At Cromo Suma Foundation (Spain) we approach sensory stimulation therapy in a comprehensive manner. We work with the exteroceptive senses, such as taste, hearing, touch, smell and sight; and with the proprioceptive senses, such as vestibular, touch and proprioception itself. The therapeutic intervention consists of stimulating the senses through motivating and meaningful activities,directed by the therapist, to achieve the child’s active participation.
It is imperative to have an objective in mind when working therapeutically.
The first thing to keep in mind is that each child, whether with Down Syndrome, or with any learning and/or developmental difficulty, has his or her specific challenges as well as preferences. Thanks to the tools offered by our Multisensory Room, we can implement various therapeutic processes based on the ability to feel, inherent to human beings, regardless of their abilities or difficulties. In this way, we achieve the objectives proposed in each therapeutic session, always personalized and adapted to each child.
It is important to note that all the interventions carried out, both in the multisensory room and outside it, have:
With these three prerequisites, we can provide speech therapy and academic reinforcement sessions, for example, with which the child engages in a sensory game we offer, while keeping their attention and participation throughout and, in turn, this allows us to clearly observe their communicative intent. Our sensory room also gives us the possibility to work repetitively on the same concept, thus maintaining the child’s sustained attention, while also engaging in a much more attractive activity.
On the other hand, we also use the tools offered by the multisensory room and its infinite possibilities of intervention for physiotherapy and psycho-neuromotor therapy sessions. During this time we can add a third person in the session (the mother or father, for example) and work on the bond between parents and child, as well as the separation between both people, thereby promoting autonomy and emotional regulation.
All our sessions have a start and finish ritual in order to help the child to prepare for the upcoming activities. This helps improve the communication and the development of one’s identity. We use different sensory, visual, olfactory, tactile, auditory, gustatory, proprioceptive and vestibular tools to create the most favorable work environment for the child, where he or she is the one who directs the exploration of the environment. By creating this enriched environment with concrete (and strategically planned) stimuli, we improve learning which in turn helps brain plasticity while also developing the so-called “sensory awakening”.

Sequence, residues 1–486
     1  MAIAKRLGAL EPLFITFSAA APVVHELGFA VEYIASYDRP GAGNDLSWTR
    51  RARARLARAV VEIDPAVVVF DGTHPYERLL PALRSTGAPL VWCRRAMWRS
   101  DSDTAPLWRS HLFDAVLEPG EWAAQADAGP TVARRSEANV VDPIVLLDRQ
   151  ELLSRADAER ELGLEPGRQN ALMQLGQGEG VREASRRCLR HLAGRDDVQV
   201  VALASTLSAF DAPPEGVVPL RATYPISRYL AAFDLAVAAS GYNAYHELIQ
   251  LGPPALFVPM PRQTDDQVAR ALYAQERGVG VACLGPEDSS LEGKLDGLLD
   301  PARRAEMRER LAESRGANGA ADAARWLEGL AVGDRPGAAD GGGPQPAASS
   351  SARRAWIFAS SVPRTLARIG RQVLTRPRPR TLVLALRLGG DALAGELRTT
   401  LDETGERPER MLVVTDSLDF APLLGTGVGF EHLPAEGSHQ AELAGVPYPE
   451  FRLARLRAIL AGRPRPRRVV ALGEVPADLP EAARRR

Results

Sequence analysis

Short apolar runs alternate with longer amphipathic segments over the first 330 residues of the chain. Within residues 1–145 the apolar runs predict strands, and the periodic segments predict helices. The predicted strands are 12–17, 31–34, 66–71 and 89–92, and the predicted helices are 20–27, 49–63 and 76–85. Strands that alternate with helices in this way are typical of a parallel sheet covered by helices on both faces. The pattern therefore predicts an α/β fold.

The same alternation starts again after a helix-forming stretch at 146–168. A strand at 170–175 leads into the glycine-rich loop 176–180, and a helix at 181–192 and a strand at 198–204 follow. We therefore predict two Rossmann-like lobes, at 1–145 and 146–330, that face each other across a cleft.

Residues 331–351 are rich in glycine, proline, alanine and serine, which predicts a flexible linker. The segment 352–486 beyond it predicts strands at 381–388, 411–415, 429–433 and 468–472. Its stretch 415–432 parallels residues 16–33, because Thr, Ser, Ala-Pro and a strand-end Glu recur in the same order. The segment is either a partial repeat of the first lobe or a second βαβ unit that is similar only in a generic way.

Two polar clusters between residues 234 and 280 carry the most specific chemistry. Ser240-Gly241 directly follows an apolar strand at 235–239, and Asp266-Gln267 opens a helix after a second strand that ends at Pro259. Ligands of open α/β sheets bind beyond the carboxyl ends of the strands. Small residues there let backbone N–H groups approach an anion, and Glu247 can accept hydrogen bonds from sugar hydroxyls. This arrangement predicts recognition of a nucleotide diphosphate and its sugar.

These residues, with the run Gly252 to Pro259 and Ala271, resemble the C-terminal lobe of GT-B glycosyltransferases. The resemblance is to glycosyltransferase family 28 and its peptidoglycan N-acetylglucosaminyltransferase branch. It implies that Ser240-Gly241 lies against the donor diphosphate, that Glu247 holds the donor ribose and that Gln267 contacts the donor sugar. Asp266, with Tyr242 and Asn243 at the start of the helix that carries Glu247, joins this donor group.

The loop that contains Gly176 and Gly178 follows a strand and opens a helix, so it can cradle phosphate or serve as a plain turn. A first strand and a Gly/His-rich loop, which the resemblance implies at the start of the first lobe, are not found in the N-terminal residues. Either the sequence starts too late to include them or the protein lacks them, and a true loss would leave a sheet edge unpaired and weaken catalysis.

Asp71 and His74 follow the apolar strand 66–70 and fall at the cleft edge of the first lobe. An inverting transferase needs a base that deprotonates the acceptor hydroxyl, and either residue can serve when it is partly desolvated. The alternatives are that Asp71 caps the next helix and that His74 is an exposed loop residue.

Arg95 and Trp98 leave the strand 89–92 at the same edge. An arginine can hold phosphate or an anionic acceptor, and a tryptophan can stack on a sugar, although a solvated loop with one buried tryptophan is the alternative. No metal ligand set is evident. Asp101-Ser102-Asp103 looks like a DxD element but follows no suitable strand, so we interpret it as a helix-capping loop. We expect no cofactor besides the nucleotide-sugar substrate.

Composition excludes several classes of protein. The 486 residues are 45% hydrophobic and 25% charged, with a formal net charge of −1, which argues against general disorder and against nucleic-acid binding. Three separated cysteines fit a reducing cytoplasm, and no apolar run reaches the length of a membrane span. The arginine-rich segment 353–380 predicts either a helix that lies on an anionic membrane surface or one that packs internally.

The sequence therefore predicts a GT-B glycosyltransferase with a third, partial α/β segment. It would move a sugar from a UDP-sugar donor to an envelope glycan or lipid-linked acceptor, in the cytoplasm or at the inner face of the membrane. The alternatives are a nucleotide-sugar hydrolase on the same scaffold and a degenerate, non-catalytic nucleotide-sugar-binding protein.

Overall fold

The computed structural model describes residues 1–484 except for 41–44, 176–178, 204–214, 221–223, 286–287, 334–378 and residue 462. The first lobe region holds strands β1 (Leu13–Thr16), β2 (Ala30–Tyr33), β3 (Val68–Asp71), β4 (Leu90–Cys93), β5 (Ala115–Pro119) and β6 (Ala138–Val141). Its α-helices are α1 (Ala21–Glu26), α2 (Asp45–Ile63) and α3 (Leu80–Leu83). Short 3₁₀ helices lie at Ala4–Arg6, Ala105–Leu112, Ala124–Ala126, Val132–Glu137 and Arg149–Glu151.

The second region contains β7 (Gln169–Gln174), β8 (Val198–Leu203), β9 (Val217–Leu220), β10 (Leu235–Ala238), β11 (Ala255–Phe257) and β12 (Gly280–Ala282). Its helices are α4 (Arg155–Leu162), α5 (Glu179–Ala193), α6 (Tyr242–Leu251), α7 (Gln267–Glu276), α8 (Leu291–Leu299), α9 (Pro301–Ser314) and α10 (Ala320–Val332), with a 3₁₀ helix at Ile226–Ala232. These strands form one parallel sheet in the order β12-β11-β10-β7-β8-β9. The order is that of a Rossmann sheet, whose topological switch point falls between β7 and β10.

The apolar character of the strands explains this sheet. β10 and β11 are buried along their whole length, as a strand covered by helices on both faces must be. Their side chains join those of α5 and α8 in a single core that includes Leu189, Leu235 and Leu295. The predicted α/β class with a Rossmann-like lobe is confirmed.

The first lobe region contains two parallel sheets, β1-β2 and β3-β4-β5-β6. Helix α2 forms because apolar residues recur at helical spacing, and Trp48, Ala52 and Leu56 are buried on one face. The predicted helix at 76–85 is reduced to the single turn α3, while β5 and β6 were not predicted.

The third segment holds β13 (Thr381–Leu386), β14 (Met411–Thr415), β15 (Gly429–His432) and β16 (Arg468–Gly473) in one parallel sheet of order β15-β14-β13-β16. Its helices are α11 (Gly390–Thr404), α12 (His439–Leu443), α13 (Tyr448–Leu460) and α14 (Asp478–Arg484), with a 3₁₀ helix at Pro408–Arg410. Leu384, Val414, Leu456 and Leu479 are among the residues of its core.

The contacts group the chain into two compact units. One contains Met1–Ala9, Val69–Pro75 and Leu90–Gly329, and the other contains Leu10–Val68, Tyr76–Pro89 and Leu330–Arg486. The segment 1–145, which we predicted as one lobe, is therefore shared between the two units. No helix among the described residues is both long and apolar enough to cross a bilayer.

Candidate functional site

Sensory stimulation is both therapeutic and educational. Sometimes, we conduct sessions in the multisensory room while combining different objectives:
There are endless tools at our disposal to achieve the goals we set for ourselves in a sensory room. The sessions are very meaningful for the user and bring us important results we seek: a sensory awakening.
These spaces also allow us to work on specific objectives in different ways, and facilitate interaction and participation amongst those involved. Thanks to our room, we create magical and unique environments that make our children live an active, rich and emotional experience as they develop.
This article was written by María Roa, speech therapist; and Laia Macías, sociologist, at Cromo Suma. If you want to know more about the Cromo Suma team and their project, we invite you to visit their official website.
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